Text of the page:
Taylor AH, Al-Azzawi F (2000) Immunolocalisation of oestrogen receptor beta in human tissues. J Mol Endocrinol 24(1):145–155
Taylor PN, Okosieme OE, Murphy R et al (2014) Maternal perchlorate levels in women with borderline thyroid function during pregnancy and the cognitive development of their offspring: data from the Controlled Antenatal Thyroid Study. J Clin Endocrinol Metab 99(11):4291–4298
Thomas P, Dong J (2006) Binding and activation of the seven-transmembrane estrogen receptor GPR30 by environmental estrogens: a potential novel mechanism of endocrine disruption. J Steroid Biochem Mol Biol 102(1–5):175–179
Tillett T (2010) Soy formula of “minimal concern”. Environ Health Perspect 118(8):a335
Tonacchera M, Pinchera A, Dimida A et al (2004) Relative potencies and additivity of perchlorate, thiocyanate, nitrate, and iodide on the inhibition of radioactive iodide uptake by the human sodium iodide symporter. Thyroid 14(12):1012–1019
Totta P, Acconcia F, Virgili F et al (2005) Daidzein-sulfate metabolites affect transcriptional and antiproliferative activities of estrogen receptor-β in cultured human cancer cells. J Nutr 135(11):2687–2693
Touillaud MS, Thiebaut AC, Niravong M, Boutron-Ruault MC, Clavel-Chapelon F (2006) No association between dietary phytoestrogens and risk of premenopausal breast cancer in a French cohort study. Cancer Epidemiol Biomark Prev 15(12):2574–2576
Trajkovic-Arsic M, Muller J, Darras VM et al (2010) Impact of monocarboxylate transporter-8 deficiency on the hypothalamus-pituitary-thyroid axis in mice. Endocrinology 151(10):5053–5062
Travis RC, Allen NE, Appleby PN, Spencer EA, Roddam AW, Key TJ (2008) A prospective study of vegetarianism and isoflavone intake in relation to breast cancer risk in British women. Int J Cancer 122(3):705–710
Trock BJ, Hilakivi-Clarke L, Clarke R (2006) Meta-analysis of soy intake and breast cancer risk. J Natl Cancer Inst 98(7):459–471
Tsao R, Papadopoulos Y, Yang R, Young JC, McRae K (2006) Isoflavone profiles of red clovers and their distribution in different parts harvested at different growing stages. J Agric Food Chem 54(16):5797–5805
Uehara M, Arai Y, Watanabe S, Adlercreutz H (2000) Comparison of plasma and urinary phytoestrogens in Japanese and Finnish women by time-resolved fluoroimmunoassay. BioFactors 12(1–4):217–225
Vachon CM, Brandt KR, Ghosh K et al (2007a) Mammographic breast density as a general marker of breast cancer risk. Cancer Epidemiol Biomark Prev 16(1):43–49
Vachon CM, van Gils CH, Sellers TA et al (2007b) Mammographic density, breast cancer risk and risk prediction. Breast Cancer Res 9(6):217
Vachon CM, Pankratz VS, Scott CG et al (2015) The contributions of breast density and common genetic variation to breast cancer risk. J Natl Cancer Inst 107(5):dju397
Van Middlesworth L (1957) Thyroxine excretion, a possible cause of goiter. Endocrinology 61(5):570–573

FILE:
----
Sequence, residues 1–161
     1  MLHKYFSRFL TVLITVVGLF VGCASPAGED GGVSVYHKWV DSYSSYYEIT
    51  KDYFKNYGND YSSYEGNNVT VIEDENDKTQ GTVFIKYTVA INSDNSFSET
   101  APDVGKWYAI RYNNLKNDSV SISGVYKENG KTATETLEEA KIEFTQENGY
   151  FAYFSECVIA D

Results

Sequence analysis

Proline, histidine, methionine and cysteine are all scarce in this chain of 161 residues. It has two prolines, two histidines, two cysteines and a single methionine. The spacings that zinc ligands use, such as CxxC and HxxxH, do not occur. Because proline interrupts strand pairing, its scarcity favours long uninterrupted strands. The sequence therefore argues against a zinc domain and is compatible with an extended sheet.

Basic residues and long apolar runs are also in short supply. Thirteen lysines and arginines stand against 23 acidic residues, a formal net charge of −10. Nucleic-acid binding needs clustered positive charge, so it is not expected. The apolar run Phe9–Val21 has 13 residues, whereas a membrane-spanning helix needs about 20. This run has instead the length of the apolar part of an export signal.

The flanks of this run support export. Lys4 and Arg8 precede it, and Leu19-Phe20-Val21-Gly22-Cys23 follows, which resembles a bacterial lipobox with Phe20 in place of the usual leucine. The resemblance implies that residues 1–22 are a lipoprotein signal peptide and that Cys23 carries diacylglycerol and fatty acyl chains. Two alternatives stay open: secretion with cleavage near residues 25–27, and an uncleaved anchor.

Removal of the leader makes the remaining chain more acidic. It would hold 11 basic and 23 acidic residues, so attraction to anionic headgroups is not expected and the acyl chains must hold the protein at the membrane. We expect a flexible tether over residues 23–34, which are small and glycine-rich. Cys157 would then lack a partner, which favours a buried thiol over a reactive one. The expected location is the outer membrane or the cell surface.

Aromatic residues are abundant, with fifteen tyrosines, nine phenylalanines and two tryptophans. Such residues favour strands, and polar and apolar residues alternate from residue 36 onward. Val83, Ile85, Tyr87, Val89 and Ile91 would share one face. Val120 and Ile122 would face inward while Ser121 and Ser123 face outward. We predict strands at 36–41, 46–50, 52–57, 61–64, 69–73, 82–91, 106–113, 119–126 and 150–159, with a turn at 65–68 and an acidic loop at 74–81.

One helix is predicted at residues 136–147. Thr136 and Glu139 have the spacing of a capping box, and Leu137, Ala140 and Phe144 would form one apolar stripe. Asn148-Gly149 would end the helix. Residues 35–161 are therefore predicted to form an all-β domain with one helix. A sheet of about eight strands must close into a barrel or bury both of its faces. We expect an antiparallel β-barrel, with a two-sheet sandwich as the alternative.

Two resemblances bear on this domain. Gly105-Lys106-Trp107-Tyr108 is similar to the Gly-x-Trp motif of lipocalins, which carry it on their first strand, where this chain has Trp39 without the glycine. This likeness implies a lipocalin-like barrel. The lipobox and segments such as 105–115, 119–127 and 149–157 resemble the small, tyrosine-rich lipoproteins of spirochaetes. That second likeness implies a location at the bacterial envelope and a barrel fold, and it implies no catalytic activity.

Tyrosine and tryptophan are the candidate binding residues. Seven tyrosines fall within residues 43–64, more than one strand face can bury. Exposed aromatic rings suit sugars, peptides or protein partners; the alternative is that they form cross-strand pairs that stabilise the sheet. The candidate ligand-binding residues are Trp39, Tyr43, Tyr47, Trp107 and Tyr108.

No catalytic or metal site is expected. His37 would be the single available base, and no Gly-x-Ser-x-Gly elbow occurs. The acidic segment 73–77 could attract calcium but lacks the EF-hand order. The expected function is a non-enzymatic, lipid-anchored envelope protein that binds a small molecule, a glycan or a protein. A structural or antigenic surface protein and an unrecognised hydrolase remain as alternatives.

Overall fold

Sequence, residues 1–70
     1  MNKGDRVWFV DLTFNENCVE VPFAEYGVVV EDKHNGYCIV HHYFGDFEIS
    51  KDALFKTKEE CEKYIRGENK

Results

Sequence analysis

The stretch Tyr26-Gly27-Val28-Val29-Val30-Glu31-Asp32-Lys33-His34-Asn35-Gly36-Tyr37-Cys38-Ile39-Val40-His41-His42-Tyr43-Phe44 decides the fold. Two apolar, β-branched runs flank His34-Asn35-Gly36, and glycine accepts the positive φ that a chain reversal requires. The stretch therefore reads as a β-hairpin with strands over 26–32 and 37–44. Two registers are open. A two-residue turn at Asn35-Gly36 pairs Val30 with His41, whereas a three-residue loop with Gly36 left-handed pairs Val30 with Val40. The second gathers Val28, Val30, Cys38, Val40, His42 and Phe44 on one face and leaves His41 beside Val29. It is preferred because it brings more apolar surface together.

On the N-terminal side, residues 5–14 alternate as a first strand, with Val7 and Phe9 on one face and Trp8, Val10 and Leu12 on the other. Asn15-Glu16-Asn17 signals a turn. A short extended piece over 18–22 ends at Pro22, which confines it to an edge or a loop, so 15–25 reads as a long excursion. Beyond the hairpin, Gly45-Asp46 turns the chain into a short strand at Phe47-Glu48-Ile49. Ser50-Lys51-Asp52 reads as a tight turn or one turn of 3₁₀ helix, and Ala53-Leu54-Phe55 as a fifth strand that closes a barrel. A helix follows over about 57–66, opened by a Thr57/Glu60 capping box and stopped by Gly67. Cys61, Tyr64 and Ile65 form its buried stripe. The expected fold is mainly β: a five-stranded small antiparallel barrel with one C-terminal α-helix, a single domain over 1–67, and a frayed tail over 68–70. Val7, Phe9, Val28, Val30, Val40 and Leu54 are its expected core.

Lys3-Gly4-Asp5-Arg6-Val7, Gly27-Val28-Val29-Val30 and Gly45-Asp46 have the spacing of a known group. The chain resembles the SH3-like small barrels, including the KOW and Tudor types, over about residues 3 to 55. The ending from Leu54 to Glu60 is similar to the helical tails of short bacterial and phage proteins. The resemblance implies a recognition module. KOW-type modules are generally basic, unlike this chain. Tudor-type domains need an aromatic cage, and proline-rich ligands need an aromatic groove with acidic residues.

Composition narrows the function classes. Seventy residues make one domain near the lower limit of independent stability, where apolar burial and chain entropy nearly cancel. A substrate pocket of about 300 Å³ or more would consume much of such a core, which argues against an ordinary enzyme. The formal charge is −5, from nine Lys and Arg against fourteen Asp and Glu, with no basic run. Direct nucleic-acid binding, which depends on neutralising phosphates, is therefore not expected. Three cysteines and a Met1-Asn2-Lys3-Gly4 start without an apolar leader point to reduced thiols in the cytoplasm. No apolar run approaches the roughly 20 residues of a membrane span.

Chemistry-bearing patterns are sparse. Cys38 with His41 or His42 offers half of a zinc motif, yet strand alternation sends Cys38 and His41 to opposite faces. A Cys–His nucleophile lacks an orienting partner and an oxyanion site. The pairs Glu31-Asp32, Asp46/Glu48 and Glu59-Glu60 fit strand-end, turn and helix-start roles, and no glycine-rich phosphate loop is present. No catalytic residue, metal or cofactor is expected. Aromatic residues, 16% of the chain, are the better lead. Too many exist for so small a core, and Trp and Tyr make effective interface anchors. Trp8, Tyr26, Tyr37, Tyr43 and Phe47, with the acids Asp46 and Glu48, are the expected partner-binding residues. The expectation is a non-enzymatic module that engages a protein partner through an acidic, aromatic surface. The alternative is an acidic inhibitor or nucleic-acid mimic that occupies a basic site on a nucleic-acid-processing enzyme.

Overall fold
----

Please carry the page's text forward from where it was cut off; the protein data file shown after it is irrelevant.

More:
van der Velpen V, Hollman PC, van Nielen M et al (2014) Large inter-individual variation in isoflavone plasma concentration limits use of isoflavone intake data for risk assessment. Eur J Clin Nutr 68(10):1141–1147
Vandenplas Y, Castrellon PG, Rivas R et al (2014) Safety of soya-based infant formulas in children. Br J Nutr 111(8):1340–1360
Vanderpump MP, Tunbridge WM (2002) Epidemiology and prevention of clinical and subclinical hypothyroidism. Thyroid 12(10):839–847
Verheus M, van Gils CH, Keinan-Boker L, Grace PB, Bingham SA, Peeters PH (2007) Plasma phytoestrogens and subsequent breast cancer risk. J Clin Oncol 25(6):648–655
Visser TJ (2016) Thyroid hormone transport across the placenta. Ann Endocrinol 77(6):680–683
Vitale DC, Piazza C, Melilli B, Drago F, Salomone S (2013) Isoflavones: estrogenic activity, biological effect and bioavailability. Eur J Drug Metab Pharmacokinet 38(1):15–25
Wada K, Nakamura K, Tamai Y et al (2013) Soy isoflavone intake and breast cancer risk in Japan: from the Takayama study. Int J Cancer 133(4):952–960
Wakeling LA, Ford D (2012) Polymorphisms in genes involved in the metabolism and transport of soy isoflavones affect the urinary metabolite profile in premenopausal women following consumption of a commercial soy supplement as a single bolus dose. Mol Nutr Food Res 56(12):1794–1802
Wang L, Lee IM, Zhang SM, Blumberg JB, Buring JE, Sesso HD (2009) Dietary intake of selected flavonols, flavones, and flavonoid-rich foods and risk of cancer in middle-aged and older women. Am J Clin Nutr 89(3):905–912
Wang Y, Gapstur SM, Gaudet MM, Peterson JJ, Dwyer JT, McCullough ML (2014) Evidence for an association of dietary flavonoid intake with breast cancer risk by estrogen receptor status is limited. J Nutr 144(10):1603–1611
Ward H, Chapelais G, Kuhnle GG et al (2008) Breast cancer risk in relation to urinary and serum biomarkers of phytoestrogen exposure in the European Prospective into Cancer-Norfolk cohort study. Breast Cancer Res 10(2):R32
Warri A, Saarinen NM, Makela S, Hilakivi-Clarke L (2008) The role of early life genistein exposures in modifying breast cancer risk. Br J Cancer 98(9):1485–1493
Weihua Z, Makela S, Andersson LC et al (2001) A role for estrogen receptor β in the regulation of growth of the ventral prostate. Proc Natl Acad Sci USA 98(11):6330–6335
White HL, Freeman LM, Mahony O, Graham PA, Hao Q, Court MH (2004) Effect of dietary soy on serum thyroid hormone concentrations in healthy adult cats. Am J Vet Res 65(5):586–591
Whitsett TG Jr, Lamartiniere CA (2006) Genistein and resveratrol: mammary cancer chemoprevention and mechanisms of action in the rat. Expert Rev Anticancer Ther 6(12):1699–1706